Netherwood Hughes

From Wikipedia, the free encyclopedia
Jump to: navigation, search
Ned Hughes
Nickname(s) Ned
Born 12 June 1900
Great Harwood, Lancashire, England
Died 4 April 2009(2009-04-04) (aged 108)
Clayton-le-Moors, Lancashire, England
Allegiance United Kingdom United Kingdom
Service/branch British Army
Years of service June–November 1918
Unit 51st Manchester Regiment
Battles/wars First World War
Other work Mechanic

Netherwood "Ned" Hughes (12 June 1900 – 4 April 2009) was one of the last two Tommies who served the United Kingdom during the First World War, along with Harry Patch, although Patch is the only one to have seen action. Hughes was also one of three British veterans still living in the country, with Patch and Henry Allingham being the other two. The Ministry of Defence has not confirmed his war service, but many First World War service records were destroyed in the Blitz during the Second World War. However the World War I Veterans Association invited him to the Cenotaph for the 90th Anniversary of the Armistice. He did not attend as his family felt that the journey would be too much for him.[1]

He was born in Great Harwood, the middle child of seven siblings to John, who worked as an optician, and Robina. He had three brothers: Charlie, Henry, and Sidney, who served in the Royal Navy on HMS Albion. Hughes spent most of his working life as a mechanic and driver and, in June 1918, he was called up, like every other driver in Great Britain, to perform that role in the British Army.[2] While he was still in training the war ended, and he returned home to drive in a mill.[1] He later became a bus driver. Hughes married twice, but never had any children, although he was frequently visited by his nephews at his care home, Woodlands Home for the Elderly in Clayton-le-Moors, where he spent most of his time in the grounds, smoking his pipe.[2]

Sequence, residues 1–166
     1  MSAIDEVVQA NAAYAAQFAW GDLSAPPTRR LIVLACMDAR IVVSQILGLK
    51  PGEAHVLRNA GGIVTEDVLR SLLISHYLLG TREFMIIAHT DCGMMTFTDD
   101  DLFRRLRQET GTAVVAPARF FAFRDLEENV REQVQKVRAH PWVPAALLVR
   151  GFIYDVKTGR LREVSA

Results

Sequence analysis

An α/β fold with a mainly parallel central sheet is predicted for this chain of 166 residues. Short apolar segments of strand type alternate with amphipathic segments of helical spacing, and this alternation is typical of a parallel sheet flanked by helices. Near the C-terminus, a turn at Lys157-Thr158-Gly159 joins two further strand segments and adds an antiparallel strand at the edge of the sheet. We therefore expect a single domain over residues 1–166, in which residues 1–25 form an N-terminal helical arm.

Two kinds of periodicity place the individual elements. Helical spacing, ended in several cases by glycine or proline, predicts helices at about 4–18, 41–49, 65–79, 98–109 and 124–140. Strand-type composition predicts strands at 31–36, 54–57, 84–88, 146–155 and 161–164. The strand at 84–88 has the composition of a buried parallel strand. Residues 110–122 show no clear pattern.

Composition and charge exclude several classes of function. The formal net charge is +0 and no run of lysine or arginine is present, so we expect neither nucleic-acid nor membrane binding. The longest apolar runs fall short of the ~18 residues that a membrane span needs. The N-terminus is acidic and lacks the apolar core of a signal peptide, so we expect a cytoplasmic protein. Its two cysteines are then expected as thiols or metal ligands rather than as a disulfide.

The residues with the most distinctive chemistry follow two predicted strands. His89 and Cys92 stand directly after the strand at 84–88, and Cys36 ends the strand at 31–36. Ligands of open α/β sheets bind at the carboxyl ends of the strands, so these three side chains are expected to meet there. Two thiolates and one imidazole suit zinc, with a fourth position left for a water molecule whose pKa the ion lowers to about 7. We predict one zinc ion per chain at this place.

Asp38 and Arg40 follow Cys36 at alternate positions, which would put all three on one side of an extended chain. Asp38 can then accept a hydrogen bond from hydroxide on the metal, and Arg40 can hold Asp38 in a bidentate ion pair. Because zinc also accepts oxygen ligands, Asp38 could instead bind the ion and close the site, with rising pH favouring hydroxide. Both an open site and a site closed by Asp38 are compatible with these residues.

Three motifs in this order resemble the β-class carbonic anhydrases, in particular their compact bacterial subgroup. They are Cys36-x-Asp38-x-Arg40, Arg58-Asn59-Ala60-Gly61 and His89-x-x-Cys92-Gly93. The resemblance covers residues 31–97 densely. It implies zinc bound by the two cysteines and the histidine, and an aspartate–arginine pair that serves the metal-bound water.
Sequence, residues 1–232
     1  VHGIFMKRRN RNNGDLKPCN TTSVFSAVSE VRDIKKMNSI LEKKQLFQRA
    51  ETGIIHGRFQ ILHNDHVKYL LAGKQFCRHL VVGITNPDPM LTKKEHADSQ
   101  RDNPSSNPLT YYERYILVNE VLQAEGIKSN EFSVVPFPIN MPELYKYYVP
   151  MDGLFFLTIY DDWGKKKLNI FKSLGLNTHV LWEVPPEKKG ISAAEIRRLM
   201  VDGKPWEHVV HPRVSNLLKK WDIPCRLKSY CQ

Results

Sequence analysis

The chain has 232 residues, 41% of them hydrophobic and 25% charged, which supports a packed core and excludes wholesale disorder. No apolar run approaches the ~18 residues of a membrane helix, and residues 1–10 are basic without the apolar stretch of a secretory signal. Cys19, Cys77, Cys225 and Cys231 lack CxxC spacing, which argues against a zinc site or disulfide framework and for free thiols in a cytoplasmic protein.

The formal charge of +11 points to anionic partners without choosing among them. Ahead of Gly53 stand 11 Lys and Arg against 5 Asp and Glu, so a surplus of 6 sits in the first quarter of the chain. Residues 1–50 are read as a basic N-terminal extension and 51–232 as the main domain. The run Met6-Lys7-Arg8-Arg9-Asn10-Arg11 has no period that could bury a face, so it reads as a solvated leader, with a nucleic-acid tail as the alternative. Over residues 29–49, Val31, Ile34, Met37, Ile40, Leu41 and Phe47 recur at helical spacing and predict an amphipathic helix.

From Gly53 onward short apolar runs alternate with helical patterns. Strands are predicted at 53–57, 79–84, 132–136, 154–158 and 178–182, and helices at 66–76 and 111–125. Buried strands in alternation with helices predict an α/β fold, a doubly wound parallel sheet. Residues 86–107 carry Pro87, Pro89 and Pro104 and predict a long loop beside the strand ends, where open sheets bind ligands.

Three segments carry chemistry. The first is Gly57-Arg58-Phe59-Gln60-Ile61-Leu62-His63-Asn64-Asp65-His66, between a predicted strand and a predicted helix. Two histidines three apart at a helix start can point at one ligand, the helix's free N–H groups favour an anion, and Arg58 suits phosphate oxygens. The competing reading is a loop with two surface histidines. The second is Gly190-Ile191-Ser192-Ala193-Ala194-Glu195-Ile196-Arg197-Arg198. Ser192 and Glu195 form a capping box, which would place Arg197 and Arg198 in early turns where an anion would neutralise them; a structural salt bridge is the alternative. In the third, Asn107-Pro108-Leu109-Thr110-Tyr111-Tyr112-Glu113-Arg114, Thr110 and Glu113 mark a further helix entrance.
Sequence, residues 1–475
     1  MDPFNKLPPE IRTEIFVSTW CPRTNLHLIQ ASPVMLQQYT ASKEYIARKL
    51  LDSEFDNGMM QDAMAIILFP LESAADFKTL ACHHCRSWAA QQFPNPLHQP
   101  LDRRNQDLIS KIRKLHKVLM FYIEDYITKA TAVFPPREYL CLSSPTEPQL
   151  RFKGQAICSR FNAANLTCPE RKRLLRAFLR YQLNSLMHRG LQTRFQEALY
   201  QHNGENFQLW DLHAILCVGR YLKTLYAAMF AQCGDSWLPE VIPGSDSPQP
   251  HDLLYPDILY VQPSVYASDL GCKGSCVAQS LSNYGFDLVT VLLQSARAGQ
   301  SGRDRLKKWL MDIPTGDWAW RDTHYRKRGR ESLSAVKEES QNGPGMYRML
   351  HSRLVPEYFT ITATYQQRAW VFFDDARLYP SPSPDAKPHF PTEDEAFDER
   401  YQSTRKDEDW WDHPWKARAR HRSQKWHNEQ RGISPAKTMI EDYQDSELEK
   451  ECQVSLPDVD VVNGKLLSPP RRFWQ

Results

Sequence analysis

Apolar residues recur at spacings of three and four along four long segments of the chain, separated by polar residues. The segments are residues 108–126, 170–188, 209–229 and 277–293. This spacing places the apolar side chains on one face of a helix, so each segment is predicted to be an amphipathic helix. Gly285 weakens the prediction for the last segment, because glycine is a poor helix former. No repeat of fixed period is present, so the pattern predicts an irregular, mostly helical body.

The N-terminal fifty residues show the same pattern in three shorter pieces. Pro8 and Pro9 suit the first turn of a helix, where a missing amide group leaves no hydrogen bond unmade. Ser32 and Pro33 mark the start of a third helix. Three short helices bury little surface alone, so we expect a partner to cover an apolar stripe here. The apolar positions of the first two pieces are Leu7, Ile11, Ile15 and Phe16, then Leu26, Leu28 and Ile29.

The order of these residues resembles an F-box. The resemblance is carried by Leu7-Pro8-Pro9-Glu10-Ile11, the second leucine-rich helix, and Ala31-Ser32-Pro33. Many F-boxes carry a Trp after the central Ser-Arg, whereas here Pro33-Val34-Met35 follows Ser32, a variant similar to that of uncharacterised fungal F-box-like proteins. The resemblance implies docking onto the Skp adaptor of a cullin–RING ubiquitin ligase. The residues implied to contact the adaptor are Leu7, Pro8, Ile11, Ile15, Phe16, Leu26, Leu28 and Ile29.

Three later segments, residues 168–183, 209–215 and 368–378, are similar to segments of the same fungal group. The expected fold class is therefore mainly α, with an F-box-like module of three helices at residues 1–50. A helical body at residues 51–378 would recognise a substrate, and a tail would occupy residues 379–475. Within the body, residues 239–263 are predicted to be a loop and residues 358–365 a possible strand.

When receiving a birthday card from the Queen each year since his 100th birthday, he commented: "She has the same frock on".[2]

In his final few weeks, Ned's health deteriorated and he had difficulty speaking for a week before his death, according to his niece, Ann Hutton. He died of natural causes on 4 April 2009, aged 108, at Woodlands. Speaking to the Accrington Observer, Mrs Hutton said, "It’s not the family’s wishes for a military funeral. We don’t want bugles and whistles, we just want a simple family affair. He couldn’t stand any fuss on his birthdays."[3]

See also[edit]

References[edit]

  1. ^ a b Bingham, John (20 Nov 2008). "'New' First World War veteran comes to light through internet". Daily Telegraph. Archived from the original on 24 April 2009. Retrieved 29 March 2009. 
  2. ^ a b c Kenyon, Lisa (20 June 2008). "Old Ned's still in top gear for his 108th milestone". Accrington Observer. Archived from the original on 24 April 2009. Retrieved 29 March 2009. 
  3. ^ Kenyon, Lisa (9 April 2009). "WW1 veteran dies aged 108". Accrington Observer. Archived from the original on 24 April 2009. Retrieved 24 April 2009.